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Horton v. Public Employees' Retirement System of Mississippi

May 14, 1998

ROY L. HORTON
v.
PUBLIC EMPLOYEES' RETIREMENT SYSTEM OF MISSISSIPPI, AGENCY OF THE STATE OF MISSISSIPPI, ACTING BY AND THROUGH ITS BOARD OF TRUSTEES



DATE OF JUDGMENT: 05/24/96 TRIAL JUDGE: HON. JAMES E. GRAVES, JR. COURT FROM WHICH APPEALED: HINDS COUNTY CIRCUIT COURT

Before Prather, C.j., Roberts And Mills, JJ.

The opinion of the court was delivered by: Prather, Chief Justice

NATURE OF THE CASE: CIVIL - STATE BOARDS AND AGENCIES (OTHER THAN WORKERS' COMPENSATION)

DISPOSITION AFFIRMED

MOTION FOR REHEARING FILED:

MANDATE ISSUED:

STATEMENT OF THE FACTS AND CASE

¶1. The position of Executive Director of the Board of Public Accountancy was created on February 26, 1976 and was offered to and filled by Roy L. Horton ("Horton") on that date. The Executive Director is responsible for the operation of the agency and serves at the pleasure of the Accountancy Board. The Accountancy Board receives no state-appropriated funds but is funded rather by fees charged to accountants in this State. The "special" funds are held by the State Treasurer in a separate account and released to the Board pursuant to an annual budget request of the Board with legislative approval.

¶2. Horton served as Executive Director for 18 years and 7 months; from February 26, 1976 through September 30, 1994. In addition to his work as Executive Director of the Board, Horton ran a private certified public accountancy (CPA) practice from the same offices and location from which he conducted his Board duties. When necessary, Horton used his employees in his private CPA practice to assist him in his work for the Accountancy Board. Horton reimbursed himself for the Board's use of his private offices, and he charged the Board for various other expenses, such as for copies made at his office.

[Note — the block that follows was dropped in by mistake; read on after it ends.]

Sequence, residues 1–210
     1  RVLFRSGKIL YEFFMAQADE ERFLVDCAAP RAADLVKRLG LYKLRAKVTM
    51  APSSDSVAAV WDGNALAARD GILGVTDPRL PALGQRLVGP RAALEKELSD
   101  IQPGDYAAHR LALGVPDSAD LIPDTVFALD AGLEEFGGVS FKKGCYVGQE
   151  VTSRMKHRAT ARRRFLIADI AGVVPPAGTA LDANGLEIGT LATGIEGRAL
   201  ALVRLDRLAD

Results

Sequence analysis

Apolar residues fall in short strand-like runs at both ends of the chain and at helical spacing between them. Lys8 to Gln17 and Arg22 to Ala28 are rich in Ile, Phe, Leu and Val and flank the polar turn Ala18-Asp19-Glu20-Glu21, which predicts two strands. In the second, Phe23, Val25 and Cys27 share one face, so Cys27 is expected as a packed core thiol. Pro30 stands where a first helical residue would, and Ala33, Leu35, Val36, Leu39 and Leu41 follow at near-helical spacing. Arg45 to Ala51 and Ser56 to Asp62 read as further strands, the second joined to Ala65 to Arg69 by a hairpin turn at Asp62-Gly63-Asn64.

¶3. The record reveals that Horton understood that his job classification as Executive Director was not considered by the Public Employees Retirement System (PERS) to be that of a state employee eligible for participation in PERS, and Horton made efforts to change this classification. In 1981, Horton requested that the State Personnel Board recognize the Executive Director as an employee position, but the Personnel Board informed Horton that he needed legislative approval for such a reclassification. The Legislative Budget Analyst informed Horton that the Legislature would not consider such a reclassification without first receiving a recommendation from the Personnel Board. In 1986, Horton submitted the Accountancy Board's budget proposal with the Executive Director designated as an employee position, but the Legislature once again denied the employee designation request for the Executive Director position *fn1 .

¶4. In 1993, following the Internal Revenue Service's (IRS) classification of the Executive Director position as an employee position, Horton formally requested membership in the retirement system as an employee, including retroactive service credit for over eighteen years service, in the PERS retirement system. The PERS Policy Committee denied Horton the membership and credit by a letter dated August 26, 1994, following which Horton appealed to the Claims Committee of the PERS Board of Trustees. On February 21, 1995, the PERS Board of Trustees issued an order denying Horton's appeal, and Horton filed a Petition/Complaint for Mandatory Injunction in the Nature of a Judicial Review with the Chancery Court of the First Judicial District of Hinds County.

¶5. The Chancery Court transferred the complaint to the Circuit Court of the First Judicial District of Hinds County and, on May 24, 1996, the Circuit Court affirmed the order of the PERS Board of Trustees. Horton timely appealed to this Court.

ISSUES

A. The Circuit Court Erred in Determining That Roy Horton Was An ...


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